A mere 20-minute drive from the Welsh capital of Cardiff, the beautiful town of Caerphilly is the perfect antidote to the hustle and bustle of city life. The area’s rugged beauty is well-documented, and visitors flock to the town to immerse themselves in its stunning landscapes, learn about its rich history and partake in the endless outdoor adventures on offer.
For those who want to dig a little deeper into the mysteries of this delightful Welsh town, we’ve pulled together 5 interesting things you might not know about Caerphilly.
1. Caerphilly is home to the biggest castle in Wales
Wales often conjures up images of spectacular scenery dotted with beautiful ancient castles, but did you know that the largest of them all sits in Caerphilly? Surpassed only in size by Windsor Castle in all of Britain, the magnificent Caerphilly Castle sprawls over 30 acres and is an awe-inspiring medieval fortress dating back to the thirteenth century.
With its concentric walls, enormous towers, impressive moat and a leaning tower to rival that of Pisa, it’s easy to see why the castle has been chosen as the backdrop for many film and TV productions, including Doctor Who.
The grounds and parts of the castle are open to visitors, who are invited to step back in time and immerse themselves in the history of this magnificent stronghold. You can meander through the labyrinthine corridors, climb the spiral staircases and stand atop the castle’s walls to take in breath-taking views of the awe-inspiring surrounding countryside.
Far from merely a static monument, the castle serves as a hub for cultural events and celebrations, hosting an exciting programme of events, including concerts, festivals and plays.
2. Caerphilly is the birthplace of some notable popular figures
For a small town in South Wales, Caerphilly has spawned an impressive number of well-known personalities.
Much-loved magician and comedian Tommy Cooper was born in Caerphilly in 1921. He is honoured by a statue that sits opposite the castle, paid for with funds raised by the Tommy Cooper Society. The statue was unveiled in 2008 by Tommy Cooper superfan and Society patron Sir Anthony Hopkins.
The band Manic Street Preachers was formed in Blackwood, Caerphilly, in 1986. They have since gone on to enjoy a hugely successful career, winning several prestigious music awards and headlining festivals, including Glastonbury and V Festival.
Other famous faces to hail from the area include Strictly Come Dancing’s Amy Dowden and footballer Aaron Ramsey.
3. Wales’s only native cheese was developed in Caerphilly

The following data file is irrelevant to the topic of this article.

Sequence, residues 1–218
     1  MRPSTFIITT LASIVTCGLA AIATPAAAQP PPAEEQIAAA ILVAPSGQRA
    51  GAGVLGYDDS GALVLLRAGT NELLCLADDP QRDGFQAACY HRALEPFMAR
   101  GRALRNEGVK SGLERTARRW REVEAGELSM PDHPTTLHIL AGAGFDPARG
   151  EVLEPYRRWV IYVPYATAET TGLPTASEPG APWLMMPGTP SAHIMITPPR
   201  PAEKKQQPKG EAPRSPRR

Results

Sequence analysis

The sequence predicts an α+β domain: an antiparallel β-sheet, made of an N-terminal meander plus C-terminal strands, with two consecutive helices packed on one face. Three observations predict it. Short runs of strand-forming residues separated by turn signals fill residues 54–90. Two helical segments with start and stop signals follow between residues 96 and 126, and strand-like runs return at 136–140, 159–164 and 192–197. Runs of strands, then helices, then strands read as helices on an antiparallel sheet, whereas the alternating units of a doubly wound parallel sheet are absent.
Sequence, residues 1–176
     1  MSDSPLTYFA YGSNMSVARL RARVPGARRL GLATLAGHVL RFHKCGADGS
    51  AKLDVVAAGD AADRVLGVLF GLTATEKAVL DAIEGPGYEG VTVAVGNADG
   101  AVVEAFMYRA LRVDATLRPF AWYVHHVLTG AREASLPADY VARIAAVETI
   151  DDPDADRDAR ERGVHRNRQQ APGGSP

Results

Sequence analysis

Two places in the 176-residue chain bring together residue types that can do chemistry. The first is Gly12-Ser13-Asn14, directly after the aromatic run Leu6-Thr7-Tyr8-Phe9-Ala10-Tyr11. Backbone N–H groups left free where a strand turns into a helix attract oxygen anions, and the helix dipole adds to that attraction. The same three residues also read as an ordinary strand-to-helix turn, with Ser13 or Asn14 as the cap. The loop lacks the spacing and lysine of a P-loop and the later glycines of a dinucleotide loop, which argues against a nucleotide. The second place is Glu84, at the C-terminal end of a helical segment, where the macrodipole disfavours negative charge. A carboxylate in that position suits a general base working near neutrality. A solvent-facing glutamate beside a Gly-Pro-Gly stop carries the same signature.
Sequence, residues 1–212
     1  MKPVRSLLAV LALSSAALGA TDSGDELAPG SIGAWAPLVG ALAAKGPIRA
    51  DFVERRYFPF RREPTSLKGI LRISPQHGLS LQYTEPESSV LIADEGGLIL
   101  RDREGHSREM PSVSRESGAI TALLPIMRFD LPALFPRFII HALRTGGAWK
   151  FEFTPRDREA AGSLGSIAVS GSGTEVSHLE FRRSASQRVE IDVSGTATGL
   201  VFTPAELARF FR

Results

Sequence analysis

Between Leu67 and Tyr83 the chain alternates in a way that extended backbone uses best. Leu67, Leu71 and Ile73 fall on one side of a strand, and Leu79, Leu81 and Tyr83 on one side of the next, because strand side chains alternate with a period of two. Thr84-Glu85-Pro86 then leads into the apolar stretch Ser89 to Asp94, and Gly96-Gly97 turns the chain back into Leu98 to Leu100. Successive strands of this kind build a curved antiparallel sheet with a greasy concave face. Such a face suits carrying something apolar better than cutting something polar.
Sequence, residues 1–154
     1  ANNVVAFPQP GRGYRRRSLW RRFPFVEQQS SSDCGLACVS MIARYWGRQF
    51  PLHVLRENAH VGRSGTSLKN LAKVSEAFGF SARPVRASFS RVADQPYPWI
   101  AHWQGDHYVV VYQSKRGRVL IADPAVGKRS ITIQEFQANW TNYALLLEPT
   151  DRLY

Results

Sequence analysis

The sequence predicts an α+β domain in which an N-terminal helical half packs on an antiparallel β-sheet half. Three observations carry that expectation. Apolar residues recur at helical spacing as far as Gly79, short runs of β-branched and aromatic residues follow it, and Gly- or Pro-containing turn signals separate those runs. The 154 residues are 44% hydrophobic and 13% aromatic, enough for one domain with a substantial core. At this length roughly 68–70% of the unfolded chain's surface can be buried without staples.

Nicknamed ‘The Crumbles’, the famous crumbly, white Caerphilly cheese was originally developed to make milk last longer. Now a staple of refined cheeseboards, the cheese is thought to have been a favourite of Caerphilly’s coal miners since its thick rind made it easy to eat, and its salt content helped to replace the minerals lost during a day’s hard graft.
As a result of competing demands on milk supply, the production of Caerphilly cheese was gradually scaled back. It eventually ground to a halt during World War 2, when the Government ordered farms to concentrate on milk production and banned cheeses that did not keep well, like Caerphilly.
Over time, some dairies resurrected the production of this much-loved cheese. Most were based in England, with Somerset and Wiltshire being the largest exporters. Earlier this year, though, a local farming duo took Caerphilly Cheese home when they began producing in the heart of the town.
4. Caerphilly hosts an annual festival dedicated to cheese
Caerphilly is transformed into a cheese-lover’s paradise for three days each year. Over 80,000 visitors descend on the town for the ‘Big Cheese Festival’ – Wales’s only festival dedicated to cheese.
The magnificent castle becomes a treasure trove of local and regional food and drink, with hundreds of stalls selling mouth-watering Welsh fare, including vast amounts of cheese!
Add to that an exciting entertainment programme including live music, medieval re-enactments and a funfair, it’s easy to see why the event is the highlight of Caerphilly’s social calendar.
5. In Caerphilly, you can take part in a cheese race!
The concepts of running and cheese are unlikely bedfellows, but Caerphilly manages to blend them seamlessly as part of its annual Great Cheese Race!
The race opens the town’s Big Cheese festival and sees competitors take part in a relay race carrying Caerphilly cheese on traditional stretchers through the castle’s grounds. Thousands of locals and visitors participate in the event, many donning fancy dress and raising money for worthwhile causes.
Scratch the surface of this beautifully picturesque Welsh town, and the reasons behind Caerphilly’s enduring appeal become immediately apparent. Alongside its quaint exterior and rugged beauty, the town’s unique offerings – from regular medieval re-enactments to cheese races – guarantee visitors of all types an experience to remember.
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